Naturally, he made fun of people who say seeing him is on their ‘bucket’ list. I call mine a ‘life’ list though, so I’ve decided it’s different, and surely he would agree if he heard my story.

His talk was casual and about his genuine intrigue with Nebraska. He walked the stage, telling stories about driving through Nebraska and the things its never-ending expanse inspired. He talked about his Mom, his childhood, and Bruce Springsteen (great story, if you’re interested to hear the funny details, let me know and I’ll fill you in!). About how he found a horror novel atop a box of his father’s possessions and it ‘opened a box’ within him. He expressed his lifelong love of horror movies and novels and laughed about dragging his kids to the type movies where you aren’t cheering for the characters to live, but rather for the “fucked up ways they’re slaughtered”. He opened up about some of his novels, his favorite fan encounters including numerous cases of mistaken identity, and the three very different ‘Steve’s’. He instilled a fear of back seats, shower curtains, and poor cell reception in the audience, and after every macabre statement, he would finish with “but of course I would say that”.

Toward the end of the night he sat on the front of the stage, quite literally four feet in front of my nose, and answered questions from the crowd. He told stories and took a few side-streets with his answers, exactly like one would expect from Stephen King. He thanked the crowd for putting his children through college, smiled for his fans one last time, and disappeared behind the black curtain again.


I laughed and cried and my entire body tingled with a numb happiness throughout his entire talk. It was everything I could have hoped for and then some.

Being the first ones into the event, meant we were also the last ones to get out. As the line slowly moved forward, we heard excited screams from lucky fans who received a signed copy of his new novel, End of Watch. 400 books were signed prior to the event to be distributed at random as we were all leaving. I was the last person out of the event. They cut my wristband, handed me a book, but I was terrified to open it. The security guards watched over my shoulder as I cracked the spine. I looked at the first page, then the second, third… nothing. The security guard took it from my hands and pointed to the title page. “That’s where he signed them”, his finger on autograph-free paper. My heart sank. Ultimately, I got what I came for, to see Stephen King, but I wanted that signed book SO badly!

Aside from staff, security, and volunteers, I was the lone fan standing among the piles of clipped wrist bands. There were two more, possibly signed, books sitting on the table. I asked if it might be possible to purchase those two books in the hopes that one of them might be signed. Understandably, they weren’t unable to do that. I dropped my head and shuffled out of the building.

My new friends were all waiting for me outside, a few of which were lucky enough to get a signed copy! They asked if I ended up with an autographed one and I nearly burst into tears again, telling them that I wasn’t one of the lucky ones. Just as I’m saying this, Rob, a man who met me that afternoon in the lineup handed me his book. His signed book. I looked at the book, up at him, back at the book, and started sobbing. He gave me his signed Stephen King book. Seriously people, this restored my faith in humanity; there truly are still wonderful people out there. That morning we were complete strangers, and here he was, handing me a signed Stephen King novel. It was the most kind and generous gesture and my emotional self collapsed into a puddle of tears and ‘thank you’s. I looked around our group and half of them were crying too!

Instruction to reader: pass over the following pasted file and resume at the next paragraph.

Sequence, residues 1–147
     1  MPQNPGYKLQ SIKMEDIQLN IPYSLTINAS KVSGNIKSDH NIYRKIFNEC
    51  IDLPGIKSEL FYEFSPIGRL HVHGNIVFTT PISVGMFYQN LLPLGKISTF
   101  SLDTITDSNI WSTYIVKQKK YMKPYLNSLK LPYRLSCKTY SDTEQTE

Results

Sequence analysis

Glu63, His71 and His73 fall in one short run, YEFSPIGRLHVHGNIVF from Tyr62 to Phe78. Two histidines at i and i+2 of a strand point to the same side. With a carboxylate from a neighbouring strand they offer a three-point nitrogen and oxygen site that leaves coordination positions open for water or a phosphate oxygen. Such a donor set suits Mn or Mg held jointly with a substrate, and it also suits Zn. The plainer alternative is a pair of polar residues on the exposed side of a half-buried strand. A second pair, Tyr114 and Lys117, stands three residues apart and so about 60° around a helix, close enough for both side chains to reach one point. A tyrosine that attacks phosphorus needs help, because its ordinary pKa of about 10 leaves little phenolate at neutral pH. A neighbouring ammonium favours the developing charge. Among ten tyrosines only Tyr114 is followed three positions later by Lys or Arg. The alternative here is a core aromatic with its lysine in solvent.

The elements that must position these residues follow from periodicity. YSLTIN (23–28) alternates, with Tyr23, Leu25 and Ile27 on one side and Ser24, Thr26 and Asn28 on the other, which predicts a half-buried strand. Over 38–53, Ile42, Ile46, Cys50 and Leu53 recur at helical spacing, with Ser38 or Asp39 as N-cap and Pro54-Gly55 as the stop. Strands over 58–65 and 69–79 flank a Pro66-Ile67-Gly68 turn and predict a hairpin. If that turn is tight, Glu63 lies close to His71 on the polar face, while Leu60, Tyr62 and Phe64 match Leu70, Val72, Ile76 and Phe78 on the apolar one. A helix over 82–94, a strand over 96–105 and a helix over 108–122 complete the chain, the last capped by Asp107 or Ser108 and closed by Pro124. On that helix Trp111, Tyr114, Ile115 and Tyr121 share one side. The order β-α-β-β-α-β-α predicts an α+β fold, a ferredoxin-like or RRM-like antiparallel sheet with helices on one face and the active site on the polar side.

Fast forward to the morning after the event; I wake up to a private message from The Bookworm, the independent bookstore who hosted the event. They said they had heard through the grapevine I might have walked away with a signed book after all, but if I hadn’t, to please give them a call, they wanted to talk. I told them the entire story about Rob’s kind gesture and thanked them profusely for thinking of me! I don’t think I’ve ever met a store with such exceptional customer service and kind hearts. It made me cry, again. I stopped by their store again before leaving town and when I walked in, the staff recognized me right away and made me feel like a regular loyal customer, it was amazing. For anyone in the Omaha area reading this, PLEASE shop at The Bookworm for all of your bookish needs, they treat their customers like royalty.

I went to this event, expecting to see Stephen King speak. What I actually got was so much more. These are the type of life experience I live for. This entire trip was a life highlight for me and I’ve made some incredible new friends who I know I’ll still be talking to for many years to come.

I’m currently on my final flight home after a whirlwind three days and my eyes are brimming with tears again. I’m just exploding with happiness; I’m so grateful this entire experience and feel incredibly fortunate for everything that has happened to me in the last few days, but of course I would say that.


31, Happily Married, Childless

Someone recently shared an article with me. Its title surmises it well, “Why your choice to not have kids is awesome”. If you’re interested in reading it you can find it here.

One line that really struck a chord with me was, “You want to open yourself up to a huge stinking pile of judgment? Just be a childless female over 30. Even worse, a married childless female over 30 — a woman who chooses not to have a child.” Over the years I’ve encountered many who question my life choices and others who are much more concerned about my fertility than I am. I’ve had people question me, wondering what I’m going to do when I’m old and don’t have children to take care of me or what I’ll do if I change my mind one day. Besides being completely inappropriate questions to ask someone you barely know, these aren’t the things that I struggle with in my choice to be childless.